Greek Solar Lighting Project

The Unlikely Alliance Behind Clean Energy for Europe.

Of all the places you’d expect to find revolutionary renewable energy innovation, a country being kept afloat by bailouts on a continent plagued by an extended recession is probably amongst the least likely. But an improbable partnership has developed that could re-invent what we thought was possible from transcontinental energy has emerged, and it could signal a change in the way both commercial and residential energy is provided in the future.

Whilst Greece’s fragile economy might have left their relationship with the rest of the European Union strained in Brussels, a solar energy project being pioneered by Greece and Germany could prove to be an exciting new model for clean energy, that could have a knock-on effect for the rest of Europe.

Dubbed Helios – after the sun god of the Ancient Greek mythology – the project would aim to see thousands of solar panels installed along the famously-sunny Mediterranean coastline, which would then be transported by transmission lines to power homes and commercial property in Germany.

Given their recent pledge to ‘virtually eliminate greenhouse emissions by 2050’, the European Commission (the executive arm division of the European Union) have already put their full support behind Helios, thanks to it’s inherently clean and safe nature, as well as a lack of physical importation – unlike natural gas from Russia, for example.

As well as a more sustainable source of commercial energy, the EU also projects that installations like Helios will help them with a number of goals that have been laid out; such projects create a healthy number of new jobs, and will help the renewable energy sector grow in line with pledges made by the 27 EU member states.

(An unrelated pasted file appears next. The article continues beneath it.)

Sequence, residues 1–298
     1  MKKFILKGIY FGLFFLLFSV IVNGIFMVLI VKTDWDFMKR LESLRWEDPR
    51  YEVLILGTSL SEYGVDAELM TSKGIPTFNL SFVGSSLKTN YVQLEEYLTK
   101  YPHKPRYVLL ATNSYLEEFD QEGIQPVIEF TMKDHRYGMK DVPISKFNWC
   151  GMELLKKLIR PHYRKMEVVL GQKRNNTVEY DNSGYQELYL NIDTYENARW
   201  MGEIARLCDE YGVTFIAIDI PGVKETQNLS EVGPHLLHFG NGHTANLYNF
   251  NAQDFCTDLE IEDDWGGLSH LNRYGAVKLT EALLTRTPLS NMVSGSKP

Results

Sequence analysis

Germany, currently the biggest EU economy, is having to rapidly change it’s stance as an exporter of energy to an importer following shutting down seven of it’s nuclear reactors. Whilst these reactors were scheduled to be closed over the coming years, the decision was made to shut them down almost immediately following the Fukushima disaster in Japan.

Whilst the goal of a nuclear-free, renewable energy economy is something of an ideal, the cost of this transition – for Germany in particular – has been strenuous, and could set a benchmark for the cost of energy importation that some countries may find hard to swallow; the European Climate Foundation has estimated that the transmission capacity of project Helios will have to double by 2030, at a cost of €68bn between 2020 and 2030 in order to keep it viable, a total that does not include the hundreds of billions needed for new generation projects.

Q.  Does the thought of investing in such vast clean energy projects during times of recession make your wallet wince?

Q.  Or do you think a continent-wide energy overhaul will be worth it in the long run?

As usual we would like to hear your thoughts about “Greek Solar Lightning Project“.